Cambodia and China broke ground on Wednesday on a Beijing-funded project to revamp a naval base that the US fears is intended for Chinese military use.
The Washington Post this week cited unnamed Western officials as saying the new facilities at Cambodia's Ream base - strategically located on the Gulf of Thailand -- were being built for the exclusive use of the Chinese navy.
Both countries deny the allegations, with Phnom Penh saying the base's development is not a secret, Cambodian defence minister Tea Banh and Chinese ambassador Wang Wentian were on hand Wednesday to see work begin on the new facilities, including a dry dock, slipway and sand dredging for larger ships to dock.
There was a lot of heavy construction machinery visible at the site.
It is not targeted at any third party and will be conducive to closer practical cooperation between the two militaries, better fulfillment of international obligations and provision of international public goods, Wang said.
The project, paid for with a Chinese grant, includes upgrading and expanding a hospital, as well as donations of military equipment and repair of eight Cambodian warships, according to Tea Banh.
There are allegations that the modernised Ream base will only be used by the Chinese military. The minister told several hundred people, including foreign diplomats, that it is not like that at all.
The Ream base is very small, don't worry too much. Another Cambodian official said that the revamp will be completed in two years.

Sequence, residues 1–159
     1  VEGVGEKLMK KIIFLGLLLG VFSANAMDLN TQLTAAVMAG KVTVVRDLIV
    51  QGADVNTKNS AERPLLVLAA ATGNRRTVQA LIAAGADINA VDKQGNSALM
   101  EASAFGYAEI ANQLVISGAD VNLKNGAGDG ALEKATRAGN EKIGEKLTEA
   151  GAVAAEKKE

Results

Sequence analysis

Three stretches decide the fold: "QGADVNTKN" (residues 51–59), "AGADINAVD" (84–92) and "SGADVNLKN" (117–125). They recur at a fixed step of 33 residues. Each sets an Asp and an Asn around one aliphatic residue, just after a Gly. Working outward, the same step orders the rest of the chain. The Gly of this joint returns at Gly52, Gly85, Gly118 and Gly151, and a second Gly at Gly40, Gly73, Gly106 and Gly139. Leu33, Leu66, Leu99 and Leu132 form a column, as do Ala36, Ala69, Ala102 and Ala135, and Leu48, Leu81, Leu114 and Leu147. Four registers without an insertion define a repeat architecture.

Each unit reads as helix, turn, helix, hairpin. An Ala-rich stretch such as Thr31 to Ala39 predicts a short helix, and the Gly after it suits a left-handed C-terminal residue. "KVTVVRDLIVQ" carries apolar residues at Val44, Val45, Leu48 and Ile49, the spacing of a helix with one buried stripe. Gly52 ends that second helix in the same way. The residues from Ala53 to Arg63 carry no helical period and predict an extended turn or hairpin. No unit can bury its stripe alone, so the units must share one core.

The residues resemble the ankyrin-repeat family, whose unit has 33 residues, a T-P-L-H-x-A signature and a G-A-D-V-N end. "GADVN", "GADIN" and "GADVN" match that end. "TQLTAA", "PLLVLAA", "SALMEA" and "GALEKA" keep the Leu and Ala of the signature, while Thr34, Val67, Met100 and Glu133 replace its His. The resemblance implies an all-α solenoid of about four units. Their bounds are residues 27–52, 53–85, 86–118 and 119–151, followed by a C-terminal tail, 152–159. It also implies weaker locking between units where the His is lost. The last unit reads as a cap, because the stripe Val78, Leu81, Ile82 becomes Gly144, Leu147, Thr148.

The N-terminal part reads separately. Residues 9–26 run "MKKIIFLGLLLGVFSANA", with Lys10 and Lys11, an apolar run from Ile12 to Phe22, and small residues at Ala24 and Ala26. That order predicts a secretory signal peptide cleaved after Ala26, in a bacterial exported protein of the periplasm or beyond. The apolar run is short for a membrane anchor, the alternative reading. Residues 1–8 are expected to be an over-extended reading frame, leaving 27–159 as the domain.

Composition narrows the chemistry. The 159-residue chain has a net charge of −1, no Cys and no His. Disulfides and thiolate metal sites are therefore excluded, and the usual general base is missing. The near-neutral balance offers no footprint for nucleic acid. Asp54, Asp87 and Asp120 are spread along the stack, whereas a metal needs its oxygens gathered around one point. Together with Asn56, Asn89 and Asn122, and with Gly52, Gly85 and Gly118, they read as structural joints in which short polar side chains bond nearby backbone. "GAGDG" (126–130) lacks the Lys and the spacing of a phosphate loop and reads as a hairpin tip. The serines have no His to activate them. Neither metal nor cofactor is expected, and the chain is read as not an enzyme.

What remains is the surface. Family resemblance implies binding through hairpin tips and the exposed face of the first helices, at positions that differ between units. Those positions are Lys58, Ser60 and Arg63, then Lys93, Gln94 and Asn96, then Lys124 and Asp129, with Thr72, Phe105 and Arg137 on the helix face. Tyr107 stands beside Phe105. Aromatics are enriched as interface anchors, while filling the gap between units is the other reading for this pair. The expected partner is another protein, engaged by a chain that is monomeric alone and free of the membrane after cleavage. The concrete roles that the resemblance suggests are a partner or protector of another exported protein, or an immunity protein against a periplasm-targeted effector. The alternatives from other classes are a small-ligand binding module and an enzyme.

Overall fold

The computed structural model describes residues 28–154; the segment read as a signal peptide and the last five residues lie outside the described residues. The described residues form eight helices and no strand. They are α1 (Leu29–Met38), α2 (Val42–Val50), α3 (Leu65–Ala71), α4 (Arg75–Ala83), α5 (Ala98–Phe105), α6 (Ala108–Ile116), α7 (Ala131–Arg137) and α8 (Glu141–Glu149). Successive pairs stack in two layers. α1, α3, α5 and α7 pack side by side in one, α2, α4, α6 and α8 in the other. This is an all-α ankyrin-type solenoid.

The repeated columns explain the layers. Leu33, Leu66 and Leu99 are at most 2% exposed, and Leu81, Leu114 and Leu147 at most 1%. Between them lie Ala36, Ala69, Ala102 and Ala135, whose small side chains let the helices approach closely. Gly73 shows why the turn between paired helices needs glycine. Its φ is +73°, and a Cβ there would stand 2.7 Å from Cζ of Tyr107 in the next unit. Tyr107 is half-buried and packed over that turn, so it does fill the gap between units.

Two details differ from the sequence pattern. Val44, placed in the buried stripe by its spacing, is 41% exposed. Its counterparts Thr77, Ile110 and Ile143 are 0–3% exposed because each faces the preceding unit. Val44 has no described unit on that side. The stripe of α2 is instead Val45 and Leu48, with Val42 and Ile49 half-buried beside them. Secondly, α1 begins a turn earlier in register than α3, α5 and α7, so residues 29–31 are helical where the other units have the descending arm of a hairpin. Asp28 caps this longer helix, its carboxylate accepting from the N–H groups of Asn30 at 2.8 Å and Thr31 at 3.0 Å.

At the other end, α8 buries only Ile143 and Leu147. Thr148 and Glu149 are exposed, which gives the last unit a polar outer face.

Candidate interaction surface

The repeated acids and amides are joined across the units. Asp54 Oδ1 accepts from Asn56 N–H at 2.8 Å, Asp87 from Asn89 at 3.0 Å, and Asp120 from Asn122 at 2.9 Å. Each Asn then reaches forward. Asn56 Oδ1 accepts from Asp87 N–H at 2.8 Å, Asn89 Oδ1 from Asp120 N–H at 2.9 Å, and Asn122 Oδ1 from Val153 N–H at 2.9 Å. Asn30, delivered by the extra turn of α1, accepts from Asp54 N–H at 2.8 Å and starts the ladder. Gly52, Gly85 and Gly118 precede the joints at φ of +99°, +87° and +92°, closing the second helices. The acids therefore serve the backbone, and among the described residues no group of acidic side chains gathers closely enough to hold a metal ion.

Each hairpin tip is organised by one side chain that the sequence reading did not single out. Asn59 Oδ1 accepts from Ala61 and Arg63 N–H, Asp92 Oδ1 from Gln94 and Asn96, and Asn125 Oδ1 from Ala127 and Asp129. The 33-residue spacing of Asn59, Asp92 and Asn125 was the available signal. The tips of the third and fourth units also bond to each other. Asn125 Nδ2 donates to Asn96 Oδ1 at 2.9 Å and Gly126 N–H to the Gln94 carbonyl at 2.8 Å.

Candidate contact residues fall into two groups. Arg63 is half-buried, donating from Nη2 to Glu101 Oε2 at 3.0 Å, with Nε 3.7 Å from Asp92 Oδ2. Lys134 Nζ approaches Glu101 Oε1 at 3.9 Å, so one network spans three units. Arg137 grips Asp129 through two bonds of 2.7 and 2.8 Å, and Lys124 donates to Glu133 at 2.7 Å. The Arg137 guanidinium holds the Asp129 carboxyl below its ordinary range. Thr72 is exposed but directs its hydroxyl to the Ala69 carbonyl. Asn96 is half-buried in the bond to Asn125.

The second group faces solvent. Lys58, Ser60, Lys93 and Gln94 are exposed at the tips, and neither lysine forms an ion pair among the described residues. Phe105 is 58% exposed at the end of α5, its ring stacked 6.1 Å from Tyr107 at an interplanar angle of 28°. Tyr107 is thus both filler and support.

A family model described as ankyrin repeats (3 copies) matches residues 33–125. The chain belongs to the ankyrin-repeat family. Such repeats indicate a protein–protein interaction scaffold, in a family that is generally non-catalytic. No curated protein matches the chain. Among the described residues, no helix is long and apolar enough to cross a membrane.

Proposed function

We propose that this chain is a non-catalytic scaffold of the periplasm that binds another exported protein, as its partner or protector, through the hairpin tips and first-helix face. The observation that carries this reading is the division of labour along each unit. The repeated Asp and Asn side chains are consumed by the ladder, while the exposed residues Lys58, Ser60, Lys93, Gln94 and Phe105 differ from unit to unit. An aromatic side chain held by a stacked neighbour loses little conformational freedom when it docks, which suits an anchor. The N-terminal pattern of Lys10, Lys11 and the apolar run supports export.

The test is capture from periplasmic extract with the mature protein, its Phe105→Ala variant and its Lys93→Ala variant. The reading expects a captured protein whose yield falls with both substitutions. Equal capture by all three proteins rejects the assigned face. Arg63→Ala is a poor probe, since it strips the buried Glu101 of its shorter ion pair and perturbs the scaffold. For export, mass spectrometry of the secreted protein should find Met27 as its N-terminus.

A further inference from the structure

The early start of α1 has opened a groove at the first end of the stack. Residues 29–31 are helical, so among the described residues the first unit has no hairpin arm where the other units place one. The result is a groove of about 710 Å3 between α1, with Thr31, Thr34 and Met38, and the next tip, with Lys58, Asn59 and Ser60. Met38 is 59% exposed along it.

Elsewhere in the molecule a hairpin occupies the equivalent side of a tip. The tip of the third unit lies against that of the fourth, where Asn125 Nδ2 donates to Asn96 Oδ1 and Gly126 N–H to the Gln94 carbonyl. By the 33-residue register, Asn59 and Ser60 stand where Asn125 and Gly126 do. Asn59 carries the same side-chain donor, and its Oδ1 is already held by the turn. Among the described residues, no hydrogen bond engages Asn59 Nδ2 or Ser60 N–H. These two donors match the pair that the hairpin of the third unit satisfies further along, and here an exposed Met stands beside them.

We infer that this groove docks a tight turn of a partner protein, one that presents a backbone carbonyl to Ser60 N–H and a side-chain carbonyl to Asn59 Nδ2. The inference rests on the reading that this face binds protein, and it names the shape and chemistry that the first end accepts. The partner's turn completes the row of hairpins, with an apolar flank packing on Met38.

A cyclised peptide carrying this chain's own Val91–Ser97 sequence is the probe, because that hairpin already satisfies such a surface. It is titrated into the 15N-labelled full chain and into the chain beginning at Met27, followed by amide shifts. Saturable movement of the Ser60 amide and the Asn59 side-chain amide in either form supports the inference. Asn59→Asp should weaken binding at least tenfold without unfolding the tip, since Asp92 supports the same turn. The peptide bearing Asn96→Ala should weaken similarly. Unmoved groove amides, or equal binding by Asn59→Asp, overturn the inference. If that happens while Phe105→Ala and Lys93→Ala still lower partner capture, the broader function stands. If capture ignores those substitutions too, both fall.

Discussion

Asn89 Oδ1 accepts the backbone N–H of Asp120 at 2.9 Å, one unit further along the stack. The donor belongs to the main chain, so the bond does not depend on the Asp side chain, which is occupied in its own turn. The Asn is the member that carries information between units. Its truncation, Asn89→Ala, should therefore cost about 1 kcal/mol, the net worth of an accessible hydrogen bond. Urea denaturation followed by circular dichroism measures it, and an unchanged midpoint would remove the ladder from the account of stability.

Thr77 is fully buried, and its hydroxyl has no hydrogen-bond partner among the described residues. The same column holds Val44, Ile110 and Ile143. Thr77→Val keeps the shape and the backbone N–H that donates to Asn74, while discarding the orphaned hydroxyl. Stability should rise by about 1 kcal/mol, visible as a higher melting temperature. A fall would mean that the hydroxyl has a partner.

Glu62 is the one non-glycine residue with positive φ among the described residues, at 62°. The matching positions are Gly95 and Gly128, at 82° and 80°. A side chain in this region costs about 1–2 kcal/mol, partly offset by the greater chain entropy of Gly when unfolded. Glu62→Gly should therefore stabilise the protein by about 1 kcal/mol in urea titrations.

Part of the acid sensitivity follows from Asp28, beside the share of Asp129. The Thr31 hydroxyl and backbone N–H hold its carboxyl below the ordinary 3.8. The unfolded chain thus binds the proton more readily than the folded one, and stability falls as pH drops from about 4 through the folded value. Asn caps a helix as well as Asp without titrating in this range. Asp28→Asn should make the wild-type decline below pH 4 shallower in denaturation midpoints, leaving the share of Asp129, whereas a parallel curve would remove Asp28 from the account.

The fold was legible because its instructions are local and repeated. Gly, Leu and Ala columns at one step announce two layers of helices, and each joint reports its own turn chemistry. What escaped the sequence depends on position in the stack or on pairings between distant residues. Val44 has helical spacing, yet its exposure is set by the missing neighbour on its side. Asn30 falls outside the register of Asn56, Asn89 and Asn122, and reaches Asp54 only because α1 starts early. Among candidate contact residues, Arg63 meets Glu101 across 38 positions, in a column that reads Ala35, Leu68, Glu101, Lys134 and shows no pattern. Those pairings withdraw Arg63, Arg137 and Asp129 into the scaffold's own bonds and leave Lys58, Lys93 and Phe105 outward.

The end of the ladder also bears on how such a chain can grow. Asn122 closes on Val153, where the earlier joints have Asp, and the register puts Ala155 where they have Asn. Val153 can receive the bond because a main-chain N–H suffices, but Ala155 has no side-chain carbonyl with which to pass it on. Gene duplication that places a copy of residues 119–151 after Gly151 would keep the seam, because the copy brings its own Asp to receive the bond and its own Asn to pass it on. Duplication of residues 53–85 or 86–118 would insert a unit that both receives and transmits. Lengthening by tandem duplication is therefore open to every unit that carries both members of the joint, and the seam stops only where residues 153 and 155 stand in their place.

Wang said it would deepen the iron-clad friendship between the two countries and modernise the Cambodian navy.
Washington suspects that the base is being converted for use by China as Beijing seeks to shore up its international influence with a network of military outposts, which has been a sore spot in US-Cambodia relations for years.
American embassy spokeswoman Stephanie Arzate said the United States and other countries in the region expressed concern about the lack of transparency on the intent, nature, and scope of the project, as well as China's role in its construction.
An exclusive PRC military presence at Ream could threaten Cambodia's autonomy and undermine regional security, Arzate told AFP.
Concerns about the base go back as far as 2019 when the Wall Street Journal reported on a secret draft deal that allowed Beijing to dock warships there.
Cambodia has since dismantled facilities at the base that were built partly with American money and played host to US military exercises.